I’m not that old. Really, I’m not. But I can remember a time when TV was in black and white, and surface mount electronics was uncommon, if not rare. Of course over the years technology has moved on, Moore’s law proving itself year on year, but the essential processes of electronics manufacturing have remained pretty much the same for some time.
So for anyone who thought that might last forever, the headline to Cal Jeffrey’s article is quite astounding: Microprocessors only one-atom thick make flexible electronics a reality. Let that sink in for a minute. Microprocessors. One atom thick. Flexible electronics. That’s either going to need one heck of an accurate SMT placement machine or things are going to change radically.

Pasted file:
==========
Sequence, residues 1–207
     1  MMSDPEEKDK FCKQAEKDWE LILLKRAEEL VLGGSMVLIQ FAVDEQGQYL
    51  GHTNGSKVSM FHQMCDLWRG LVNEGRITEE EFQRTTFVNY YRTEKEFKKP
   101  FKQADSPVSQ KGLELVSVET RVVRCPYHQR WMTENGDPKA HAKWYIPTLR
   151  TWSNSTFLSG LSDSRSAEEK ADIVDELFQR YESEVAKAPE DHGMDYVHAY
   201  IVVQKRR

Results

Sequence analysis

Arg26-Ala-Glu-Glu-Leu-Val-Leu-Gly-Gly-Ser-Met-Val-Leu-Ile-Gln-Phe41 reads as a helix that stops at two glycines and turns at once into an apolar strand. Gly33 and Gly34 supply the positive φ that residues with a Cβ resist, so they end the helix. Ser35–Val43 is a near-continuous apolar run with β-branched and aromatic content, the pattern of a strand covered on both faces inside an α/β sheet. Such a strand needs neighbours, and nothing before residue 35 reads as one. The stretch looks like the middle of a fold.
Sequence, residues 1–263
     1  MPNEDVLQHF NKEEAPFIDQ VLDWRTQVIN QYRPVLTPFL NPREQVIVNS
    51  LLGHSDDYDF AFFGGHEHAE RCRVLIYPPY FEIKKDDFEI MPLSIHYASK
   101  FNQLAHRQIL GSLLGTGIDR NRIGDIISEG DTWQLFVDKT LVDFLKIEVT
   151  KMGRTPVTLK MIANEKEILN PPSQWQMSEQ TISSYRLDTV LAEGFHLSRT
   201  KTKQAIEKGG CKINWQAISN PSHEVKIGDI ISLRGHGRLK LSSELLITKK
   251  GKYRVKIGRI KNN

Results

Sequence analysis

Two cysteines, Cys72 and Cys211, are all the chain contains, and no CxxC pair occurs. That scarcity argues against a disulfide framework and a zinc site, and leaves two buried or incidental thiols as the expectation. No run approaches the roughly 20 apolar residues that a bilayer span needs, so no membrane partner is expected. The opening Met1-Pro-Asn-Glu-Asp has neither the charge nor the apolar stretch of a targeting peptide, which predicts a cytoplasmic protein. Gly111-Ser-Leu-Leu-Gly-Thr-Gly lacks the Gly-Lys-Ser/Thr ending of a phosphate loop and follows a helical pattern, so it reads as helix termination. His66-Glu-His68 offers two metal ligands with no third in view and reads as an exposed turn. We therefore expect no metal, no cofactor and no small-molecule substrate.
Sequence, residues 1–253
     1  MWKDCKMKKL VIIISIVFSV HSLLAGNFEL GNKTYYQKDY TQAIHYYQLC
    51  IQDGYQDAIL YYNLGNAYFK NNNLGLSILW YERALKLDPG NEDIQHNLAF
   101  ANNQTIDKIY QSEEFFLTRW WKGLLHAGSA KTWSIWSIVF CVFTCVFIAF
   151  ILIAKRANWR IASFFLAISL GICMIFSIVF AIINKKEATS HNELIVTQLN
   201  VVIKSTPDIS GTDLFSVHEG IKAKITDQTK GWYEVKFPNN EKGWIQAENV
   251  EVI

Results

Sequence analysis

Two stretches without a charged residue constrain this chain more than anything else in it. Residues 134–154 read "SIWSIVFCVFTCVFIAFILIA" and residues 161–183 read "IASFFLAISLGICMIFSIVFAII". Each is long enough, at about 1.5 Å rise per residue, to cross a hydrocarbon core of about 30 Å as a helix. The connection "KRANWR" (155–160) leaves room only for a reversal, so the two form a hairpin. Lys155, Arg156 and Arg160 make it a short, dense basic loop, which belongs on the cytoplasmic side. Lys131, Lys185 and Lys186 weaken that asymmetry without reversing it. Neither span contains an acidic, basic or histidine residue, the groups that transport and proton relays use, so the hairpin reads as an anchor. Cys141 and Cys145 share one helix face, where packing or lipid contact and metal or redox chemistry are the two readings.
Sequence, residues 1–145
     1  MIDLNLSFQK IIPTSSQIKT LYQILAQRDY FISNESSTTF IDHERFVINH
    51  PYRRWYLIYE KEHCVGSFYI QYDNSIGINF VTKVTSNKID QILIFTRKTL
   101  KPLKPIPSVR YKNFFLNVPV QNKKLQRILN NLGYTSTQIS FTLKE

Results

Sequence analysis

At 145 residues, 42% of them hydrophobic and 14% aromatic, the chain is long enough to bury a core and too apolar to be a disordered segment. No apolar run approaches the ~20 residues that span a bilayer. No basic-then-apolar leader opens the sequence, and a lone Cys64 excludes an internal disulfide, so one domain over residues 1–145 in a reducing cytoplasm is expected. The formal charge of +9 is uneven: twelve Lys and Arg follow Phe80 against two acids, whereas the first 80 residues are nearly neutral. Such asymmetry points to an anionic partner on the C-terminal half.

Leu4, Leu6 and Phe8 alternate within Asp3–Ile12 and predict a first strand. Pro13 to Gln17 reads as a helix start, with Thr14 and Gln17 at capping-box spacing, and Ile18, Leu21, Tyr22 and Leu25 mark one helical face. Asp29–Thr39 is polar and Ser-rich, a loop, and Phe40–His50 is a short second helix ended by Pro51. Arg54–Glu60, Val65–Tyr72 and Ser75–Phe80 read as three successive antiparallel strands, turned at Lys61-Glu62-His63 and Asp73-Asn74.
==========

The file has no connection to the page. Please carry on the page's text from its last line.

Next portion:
Once this technology becomes commercially available the demand could be huge, but as designers and manufacturers we’ll need to decide how and when we engage and take full advantage. It could be a quantum leap forward rather than the iterative steps we’ve been used to, but maybe fortune will favour the brave!
Researchers at Vienna University of Technology have built a flexible microprocessor using the transition-metal dichalcogenide (TMD). Like the “wonder material” graphene, TMD can be formed into layers that are only one atom thick, making a surface that is as close to two-dimensional as we can physically get. This ultra-thin surface is what makes the processor flexible.